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The Gospel According To Eve
ELIZABETH CADY STANTON’S sardonic and biting protofeminist commentary on the Bible cost her the leadership of the suffragist movement
September 1998 | Volume 49, Issue 5
The GrimkÉs and other activist women responded to critics with biblical passages of their own. For every 1 Corinthians 11:3 (“the head of every man is Christ, and the head of a woman is her husband”) they lobbed back a Galatians 3:28 (“There is neither Jew nor Greek, there is neither slave nor free, there is neither male nor female; for you are all one in Christ Jesus”) or a Joel 2:28 (“I will pour out my spirit on all flesh; your sons and your daughters shall prophesy”). They held up examples of women in the Bible who played decisive public roles—women like Miriam, the sister of Moses, who is called a prophetess (Exodus 15:20) and helps lead the Israelites out of the land of Egypt, and Esther, the Jewish wife of the king of Persia, who saves the captive Israelites from slaughter at the hands of the evil Haman (Esther 8).
Activist women also raised a larger theological question: Is the Bible fundamentally a text about the oppression and subordination of one sex by another, or is it, rather, a text whose driving theme is one of liberation and emancipation?
Well they might ask. In 1840, three years after the Congregationalist condemnation, the female delegates to the World Anti-Slavery Convention in London were refused permission to sit with the rest of their delegation on the ground that this would be “promiscuous” and would mischievously pluck women from the safe confinement of “woman’s sphere.” Abolitionists also feared that any association of the abolitionist cause with radical ideas about the proper sphere of women would detract from the main effort—a harbinger of the problem that suffragists themselves would face when confronted by The Woman’s Bible .
SlNCE MEN had done all the translating and interpreting, who knew what errors might have resulted?
The refusal to seat women at the World Anti-Slavery Convention sharply turned the attention of one person in attendance, Elizabeth Cady Stanton, toward the issue of women’s rights. The child of a strict Presbyterian lawyer and judge who would eventually disinherit her for her various efforts at social reform, Stanton became mindful at an early age of the disadvantages accruing to her sex. She was independent-minded on the subject of women’s rights (deleting the word “obey” from the ceremony at her marriage to Henry Brewster Stanton) even before her thinking became embodied in anything like a women’s movement. Her interests were diverse—birth control, child-rearing, psychology, temperance. “All reforms,” she once wrote, “are interdependent.” She never lost the doughty, naive, maddening optimism so characteristic of nineteenth-century reformers and doubtless so essential to their occasional successes.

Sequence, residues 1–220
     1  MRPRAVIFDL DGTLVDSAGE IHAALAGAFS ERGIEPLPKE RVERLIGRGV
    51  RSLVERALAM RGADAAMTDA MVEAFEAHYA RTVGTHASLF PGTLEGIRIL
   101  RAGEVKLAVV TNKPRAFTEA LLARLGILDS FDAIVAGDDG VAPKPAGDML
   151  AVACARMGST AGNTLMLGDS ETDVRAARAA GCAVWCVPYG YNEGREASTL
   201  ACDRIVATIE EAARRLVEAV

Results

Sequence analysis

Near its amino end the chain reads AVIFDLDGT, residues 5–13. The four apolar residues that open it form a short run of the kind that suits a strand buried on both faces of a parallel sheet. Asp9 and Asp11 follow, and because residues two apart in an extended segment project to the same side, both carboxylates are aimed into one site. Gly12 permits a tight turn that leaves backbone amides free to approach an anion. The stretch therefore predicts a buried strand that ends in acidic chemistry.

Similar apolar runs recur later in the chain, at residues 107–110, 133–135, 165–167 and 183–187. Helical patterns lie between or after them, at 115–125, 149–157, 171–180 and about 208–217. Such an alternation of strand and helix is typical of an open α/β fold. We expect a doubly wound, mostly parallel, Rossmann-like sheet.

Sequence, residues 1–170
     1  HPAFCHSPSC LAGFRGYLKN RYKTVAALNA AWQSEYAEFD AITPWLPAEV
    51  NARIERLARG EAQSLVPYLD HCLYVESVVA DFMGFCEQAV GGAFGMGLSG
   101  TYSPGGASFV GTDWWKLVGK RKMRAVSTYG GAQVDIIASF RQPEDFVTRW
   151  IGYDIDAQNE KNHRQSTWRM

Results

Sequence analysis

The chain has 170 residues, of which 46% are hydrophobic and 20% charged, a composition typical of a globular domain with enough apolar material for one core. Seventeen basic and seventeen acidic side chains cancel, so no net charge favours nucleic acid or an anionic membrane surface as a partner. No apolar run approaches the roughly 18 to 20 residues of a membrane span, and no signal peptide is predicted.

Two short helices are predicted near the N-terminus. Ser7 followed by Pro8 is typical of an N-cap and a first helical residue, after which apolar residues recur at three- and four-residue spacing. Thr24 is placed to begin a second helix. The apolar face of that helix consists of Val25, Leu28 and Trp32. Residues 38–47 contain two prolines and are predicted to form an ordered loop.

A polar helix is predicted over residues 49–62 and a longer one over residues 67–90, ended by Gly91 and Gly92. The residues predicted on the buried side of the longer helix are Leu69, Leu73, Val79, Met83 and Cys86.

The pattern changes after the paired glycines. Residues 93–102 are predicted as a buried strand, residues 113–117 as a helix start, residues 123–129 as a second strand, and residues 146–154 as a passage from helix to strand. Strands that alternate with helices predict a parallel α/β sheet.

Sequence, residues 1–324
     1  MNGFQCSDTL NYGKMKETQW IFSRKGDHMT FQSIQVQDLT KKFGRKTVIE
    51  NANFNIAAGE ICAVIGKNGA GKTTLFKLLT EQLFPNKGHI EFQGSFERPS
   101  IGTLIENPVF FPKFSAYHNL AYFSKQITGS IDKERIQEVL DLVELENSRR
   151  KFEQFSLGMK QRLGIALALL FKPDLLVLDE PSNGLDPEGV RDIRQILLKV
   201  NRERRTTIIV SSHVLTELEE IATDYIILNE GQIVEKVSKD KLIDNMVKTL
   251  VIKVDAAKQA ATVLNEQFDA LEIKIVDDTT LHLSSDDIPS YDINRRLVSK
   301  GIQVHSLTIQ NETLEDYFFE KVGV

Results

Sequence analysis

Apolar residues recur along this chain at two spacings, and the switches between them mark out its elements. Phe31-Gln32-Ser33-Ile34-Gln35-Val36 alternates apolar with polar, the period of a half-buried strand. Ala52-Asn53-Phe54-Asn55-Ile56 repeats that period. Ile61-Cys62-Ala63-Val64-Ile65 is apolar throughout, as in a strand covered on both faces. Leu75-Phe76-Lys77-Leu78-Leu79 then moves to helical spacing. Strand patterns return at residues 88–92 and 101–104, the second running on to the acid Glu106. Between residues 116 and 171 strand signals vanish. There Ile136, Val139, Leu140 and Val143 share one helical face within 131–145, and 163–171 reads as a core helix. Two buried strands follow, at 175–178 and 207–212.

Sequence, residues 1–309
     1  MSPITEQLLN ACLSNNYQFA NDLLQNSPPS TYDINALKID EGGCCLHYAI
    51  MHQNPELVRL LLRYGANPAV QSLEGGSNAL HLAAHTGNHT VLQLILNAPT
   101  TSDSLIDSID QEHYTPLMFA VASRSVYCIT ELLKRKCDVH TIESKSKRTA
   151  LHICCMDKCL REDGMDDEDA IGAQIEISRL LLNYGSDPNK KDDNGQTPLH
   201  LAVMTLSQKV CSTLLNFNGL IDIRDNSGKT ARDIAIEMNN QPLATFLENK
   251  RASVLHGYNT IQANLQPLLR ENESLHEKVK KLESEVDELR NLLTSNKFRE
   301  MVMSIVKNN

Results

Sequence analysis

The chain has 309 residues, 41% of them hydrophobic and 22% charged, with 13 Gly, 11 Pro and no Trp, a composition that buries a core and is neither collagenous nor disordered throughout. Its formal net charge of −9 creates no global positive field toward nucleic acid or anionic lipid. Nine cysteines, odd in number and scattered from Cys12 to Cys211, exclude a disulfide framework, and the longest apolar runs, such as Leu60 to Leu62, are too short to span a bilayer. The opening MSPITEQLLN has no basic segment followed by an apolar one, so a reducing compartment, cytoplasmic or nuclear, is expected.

It was at the anti-slavery meeting that Stanton met Lucretia Mott, the Quaker activist who would be her partner in the first women’s-rights convention, held at Seneca Falls, New York, in 1848. This convention, whose substance elicited public commentary in tones ranging from censure to ridicule, inaugurated the modern women’s movement in America. Everyone remembers that the Seneca Falls convention issued a call for giving women the vote. But the convention also brought formal criticism upon the Bible, in these words: “ Resolved , That woman has too long rested satisfied in the circumscribed limits which corrupt customs and a perverted application of the Scriptures have marked out for her.”
The resolution concisely captures the early feminist thinking about the Bible—the idea that the Scriptures posed problems for women chiefly because they had been held as a male monopoly. Men had done all the translating and interpreting, and who knew what errors might have resulted, whether by accident or by design? The second stage in feminist thinking about the Bible can be stated as the view that the Book is damaging to women not only because it has been mistranslated and misused but also by its very nature.
Feminist thinking would also be influenced by the larger revolution in biblical studies brought about during the Enlightenment. As scriptural study by nonclerics became widespread, the authority of the Bible—its claim to be the literal word of God and objectively true—came to be undermined in two ways. First, the scientific study of the natural world threw doubt on the Bible’s literal truth; then historical and literary study of the text itself, as if it were any other ancient document, made clear that it consisted of many different parts composed at different times by different people, people who, whether inspired by God or not, could hardly help being influenced by the biases and world views of the societies in which they lived.
The scholars who brought their skills to bear on the Bible did not give the least thought to what their work might mean for women. But their very conception of the Bible as in some measure a human construct had obvious ramifications for those in the women’s movement who saw biblical authority as the single biggest obstacle to changing the status of women in modern society.